Behind the Scenes at the DAM

New DAM Publication Explores Western American Art's Diversity

The Petrie Institute of Western American Art at the Denver Art Museum marked its tenth anniversary in 2011. To celebrate, PIWAA enlisted 30 scholars to explore the western American art holdings in the DAM’s collection.  Their research, covering everything from a portion of a New Mexican altarpiece to a magnificent Native American coat, is compiled in PIWAA’s most recent publication, Elevating Western American Art: Developing an Institute in the Cultural Capital of the Rockies.

Many of the authors chosen to contribute to the publication that was released in April come from our own ranks, including staff from almost every curatorial department.  Why would we recruit a curator of contemporary art or Asian art to write about art of the American West?  To celebrate the diversity of objects at the DAM that relate to western American art.  While the book highlights PIWAA’s undisputed masterworks, including Frederic Remington’s The Cheyenne and Charles Russell’s In the Enemy’s Country, objects like a Japanese woodblock print depicting Yosemite also are considered.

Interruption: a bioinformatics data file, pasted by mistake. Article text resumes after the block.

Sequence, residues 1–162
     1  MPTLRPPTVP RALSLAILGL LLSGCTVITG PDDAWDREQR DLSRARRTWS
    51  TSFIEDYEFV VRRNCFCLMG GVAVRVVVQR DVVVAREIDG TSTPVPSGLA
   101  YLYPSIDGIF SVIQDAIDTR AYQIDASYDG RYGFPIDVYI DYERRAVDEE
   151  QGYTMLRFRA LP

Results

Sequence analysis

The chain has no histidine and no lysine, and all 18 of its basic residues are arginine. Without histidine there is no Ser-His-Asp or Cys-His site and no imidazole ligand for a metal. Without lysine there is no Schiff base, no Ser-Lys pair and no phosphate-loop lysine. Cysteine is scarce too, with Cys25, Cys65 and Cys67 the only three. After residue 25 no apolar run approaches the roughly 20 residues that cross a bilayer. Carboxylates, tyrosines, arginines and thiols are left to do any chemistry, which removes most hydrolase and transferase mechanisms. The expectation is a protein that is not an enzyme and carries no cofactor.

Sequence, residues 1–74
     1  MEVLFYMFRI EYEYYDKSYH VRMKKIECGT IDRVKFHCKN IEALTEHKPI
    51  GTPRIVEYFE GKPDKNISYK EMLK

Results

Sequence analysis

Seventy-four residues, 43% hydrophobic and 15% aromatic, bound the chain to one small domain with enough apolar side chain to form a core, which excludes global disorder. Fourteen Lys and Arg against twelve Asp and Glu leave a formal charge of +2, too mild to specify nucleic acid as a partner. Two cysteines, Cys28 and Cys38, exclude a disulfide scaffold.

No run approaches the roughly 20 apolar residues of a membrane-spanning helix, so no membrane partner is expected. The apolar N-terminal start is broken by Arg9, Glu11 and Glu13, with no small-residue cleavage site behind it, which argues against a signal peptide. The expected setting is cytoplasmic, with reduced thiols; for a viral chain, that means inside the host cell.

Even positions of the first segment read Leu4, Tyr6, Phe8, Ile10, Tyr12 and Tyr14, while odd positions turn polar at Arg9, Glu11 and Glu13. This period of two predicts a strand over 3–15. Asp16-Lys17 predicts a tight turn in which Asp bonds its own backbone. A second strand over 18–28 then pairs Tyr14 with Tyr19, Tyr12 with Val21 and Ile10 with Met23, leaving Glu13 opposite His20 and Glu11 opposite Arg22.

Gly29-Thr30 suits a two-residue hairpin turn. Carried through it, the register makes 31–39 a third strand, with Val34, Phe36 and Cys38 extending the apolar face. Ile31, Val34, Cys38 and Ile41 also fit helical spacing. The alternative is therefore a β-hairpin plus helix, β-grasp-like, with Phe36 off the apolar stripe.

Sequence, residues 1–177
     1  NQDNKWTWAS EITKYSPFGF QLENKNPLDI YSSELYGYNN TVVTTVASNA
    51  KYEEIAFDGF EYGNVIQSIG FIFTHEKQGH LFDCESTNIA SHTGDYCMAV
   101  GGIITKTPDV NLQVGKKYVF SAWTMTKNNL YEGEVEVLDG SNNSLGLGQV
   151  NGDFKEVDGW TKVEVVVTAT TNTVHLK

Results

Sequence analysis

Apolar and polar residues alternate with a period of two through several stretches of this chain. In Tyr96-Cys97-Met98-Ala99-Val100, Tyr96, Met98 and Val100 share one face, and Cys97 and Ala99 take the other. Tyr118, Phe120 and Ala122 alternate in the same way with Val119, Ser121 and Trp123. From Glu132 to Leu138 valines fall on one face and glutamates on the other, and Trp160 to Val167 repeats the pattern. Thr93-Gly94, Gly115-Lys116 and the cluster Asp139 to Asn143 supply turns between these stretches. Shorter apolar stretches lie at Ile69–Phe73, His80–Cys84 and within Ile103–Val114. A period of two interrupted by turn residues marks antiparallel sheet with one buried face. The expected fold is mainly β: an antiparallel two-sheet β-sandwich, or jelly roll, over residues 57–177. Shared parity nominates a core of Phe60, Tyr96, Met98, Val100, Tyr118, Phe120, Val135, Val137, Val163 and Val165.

At 300 pages and with 320 color illustrations, Elevating Western American Art is a testament to the fact that western American art stubbornly refuses to be fenced in by traditional art historical boundaries. The writings may just inspire you to think differently about art of the American West.

Elevating Western American Art is available to purchase in the Museum Shop and online.

Karen Brooks McWhorter is the department assistant in the department of western American art. Karen has been with DAM since 2009, and when visiting the museum, she recommends that visitors don’t miss the special selection of Charles Marion Russell paintings on the seventh floor of the North Building.